Writing a eulogy for someone special is very difficult. The most often dished
out advice is to “just be yourself” and express your emotions in your own
personal way. However, there are times that we cannot find the right words to
truly describe our feelings. This lack of appropriate words in the speech result
to a eulogy that is boring or monotonous.
In order to come up with a eulogy that is both heartfelt and appealing to the
audience, you can refer to some famous eulogies for some pointers on how to come
up with a well-written speech.
The funeral eulogy by Jawaharlal Nehru for Mahatma Mohandas Ghandi was well
written by the latter’s protégé. It no longer provided biographical information
about their great leader but rather focused on the role played by Gandhi in
their lives, which is the “light”. And that although the life has been taken
from the man that is their source of light, this does not mean that his ideals
and all the things he stood out for should be remembered in vain. Nehru’s battle
cry was for strength and unity among the people as a way to honor their fallen
The eulogy delivered by Senator Robert F. Kennedy for Dr. Martin Luther King
was both compelling and forceful. The speech celebrated Dr. King’s efforts of
unifying the black people with the white people. At that time, segregation
between the races and outright racism was prevalent in the United States.
Senator Kennedy emphasized the non-violence movements espoused by Dr. King and
challenged his fellow Americans to do the same, whether they belong to the black
or the white race. The late Senator’s eulogy was short and poetic, but it was
successful in delivering its call for unity to symbolize the death of Dr. King.
Edward Champion’s eulogy for filmmaker Stanley Kubrick was on a more
personal level. He recalled his first encounter with the late director’s films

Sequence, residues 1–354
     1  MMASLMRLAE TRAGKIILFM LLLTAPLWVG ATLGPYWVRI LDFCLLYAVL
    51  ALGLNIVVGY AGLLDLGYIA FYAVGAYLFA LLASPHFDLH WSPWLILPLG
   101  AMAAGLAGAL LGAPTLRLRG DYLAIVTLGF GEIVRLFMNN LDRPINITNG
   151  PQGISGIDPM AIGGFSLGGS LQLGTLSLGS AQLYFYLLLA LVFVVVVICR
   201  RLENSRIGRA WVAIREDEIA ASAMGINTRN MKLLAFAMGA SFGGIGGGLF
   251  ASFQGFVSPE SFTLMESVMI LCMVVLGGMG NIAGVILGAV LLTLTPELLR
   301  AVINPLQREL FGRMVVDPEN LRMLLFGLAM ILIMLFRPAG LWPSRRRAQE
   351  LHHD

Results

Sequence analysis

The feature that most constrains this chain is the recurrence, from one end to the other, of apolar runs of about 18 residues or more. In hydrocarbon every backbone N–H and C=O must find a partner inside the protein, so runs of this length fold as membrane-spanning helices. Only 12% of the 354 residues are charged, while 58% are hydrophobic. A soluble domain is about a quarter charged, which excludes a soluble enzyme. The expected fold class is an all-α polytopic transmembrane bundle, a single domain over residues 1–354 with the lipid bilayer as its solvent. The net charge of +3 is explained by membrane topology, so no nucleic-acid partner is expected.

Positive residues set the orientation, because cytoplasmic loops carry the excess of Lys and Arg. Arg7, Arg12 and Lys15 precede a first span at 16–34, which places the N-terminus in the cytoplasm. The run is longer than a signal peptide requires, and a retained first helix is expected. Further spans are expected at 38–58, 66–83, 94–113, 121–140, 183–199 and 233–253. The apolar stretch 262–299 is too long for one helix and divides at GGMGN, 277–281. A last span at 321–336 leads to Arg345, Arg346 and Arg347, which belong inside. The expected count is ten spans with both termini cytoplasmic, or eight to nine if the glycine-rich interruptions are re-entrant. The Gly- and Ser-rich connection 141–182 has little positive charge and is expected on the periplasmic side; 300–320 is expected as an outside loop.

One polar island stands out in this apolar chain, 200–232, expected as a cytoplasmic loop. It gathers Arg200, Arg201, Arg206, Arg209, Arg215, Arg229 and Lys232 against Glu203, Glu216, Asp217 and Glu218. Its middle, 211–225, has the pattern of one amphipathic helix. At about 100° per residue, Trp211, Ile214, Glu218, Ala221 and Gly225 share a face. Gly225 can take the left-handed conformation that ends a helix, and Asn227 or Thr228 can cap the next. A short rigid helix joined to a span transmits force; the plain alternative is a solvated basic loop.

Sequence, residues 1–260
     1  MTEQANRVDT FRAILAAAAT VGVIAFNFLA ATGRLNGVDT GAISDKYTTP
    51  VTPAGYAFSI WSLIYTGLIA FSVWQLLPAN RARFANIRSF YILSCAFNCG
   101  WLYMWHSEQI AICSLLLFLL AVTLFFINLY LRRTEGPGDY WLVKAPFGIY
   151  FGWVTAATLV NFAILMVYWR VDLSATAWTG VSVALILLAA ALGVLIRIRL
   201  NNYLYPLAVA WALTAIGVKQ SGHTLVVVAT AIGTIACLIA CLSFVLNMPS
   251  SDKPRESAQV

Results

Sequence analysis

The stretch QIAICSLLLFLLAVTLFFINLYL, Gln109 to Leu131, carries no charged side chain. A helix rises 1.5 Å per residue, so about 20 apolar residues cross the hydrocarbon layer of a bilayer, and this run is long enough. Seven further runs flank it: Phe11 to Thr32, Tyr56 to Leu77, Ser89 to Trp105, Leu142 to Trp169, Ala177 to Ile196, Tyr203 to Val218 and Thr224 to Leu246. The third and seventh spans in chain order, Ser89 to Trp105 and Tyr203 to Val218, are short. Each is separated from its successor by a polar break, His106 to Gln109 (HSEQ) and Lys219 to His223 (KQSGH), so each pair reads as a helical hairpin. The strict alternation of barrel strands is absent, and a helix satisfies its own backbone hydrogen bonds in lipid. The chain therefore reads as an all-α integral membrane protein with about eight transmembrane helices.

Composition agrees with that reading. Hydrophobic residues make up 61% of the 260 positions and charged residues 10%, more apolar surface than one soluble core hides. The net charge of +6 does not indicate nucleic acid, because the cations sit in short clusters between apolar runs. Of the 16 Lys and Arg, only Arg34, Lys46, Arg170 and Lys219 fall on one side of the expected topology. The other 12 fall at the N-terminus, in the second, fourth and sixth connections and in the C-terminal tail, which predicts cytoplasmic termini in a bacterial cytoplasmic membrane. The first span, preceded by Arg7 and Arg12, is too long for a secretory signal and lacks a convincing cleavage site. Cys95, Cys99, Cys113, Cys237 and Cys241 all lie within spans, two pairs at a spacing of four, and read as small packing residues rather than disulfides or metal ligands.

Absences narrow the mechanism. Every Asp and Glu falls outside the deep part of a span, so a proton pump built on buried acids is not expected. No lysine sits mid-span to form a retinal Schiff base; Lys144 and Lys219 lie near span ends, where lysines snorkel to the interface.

and his initial impression. That impression evolved into a solid respect for the
popular filmmaker. Notable in this speech is the high regard bestowed by
Champion on Kubrick’s works. His admiration was great that it affected the way
he worked as a filmmaker. This eulogy is a good example of how someone, not
necessarily a family member, can share his personal thoughts about another
person. It is both heartwarming and gracious to the dearly departed.
Senator Jacob Javits’ eulogy in honor of President John F. Kennedy was a long
speech but far from being boring. It was clearly a speech written by a friend to
another. Though he was President of America at the time he was assassinated, the
eulogy did not dwell on Kennedy’s achievements as Chief of Staff but rather how
he worked hard so that he could be an able leader to a powerful country. Javits
honored him for the man he is behind the most powerful desk in the Oval room.
The eulogy was a reminder that his death was also a loss involving a husband and
a father, the President being a family man at that time.
From these famous eulogy samples,
you can see that there is no black and white procedure in writing a funeral
speech. In other words, there is no right or wrong eulogy. What is important is
that you talk about the deceased on how you know him best – as a leader, a
friend, an idol or a family member. The flow of thoughts will come to you as
soon as you have an idea on what to concentrate on. The length of the eulogy is
not essential, but the depth of what you have to say must have an impact on the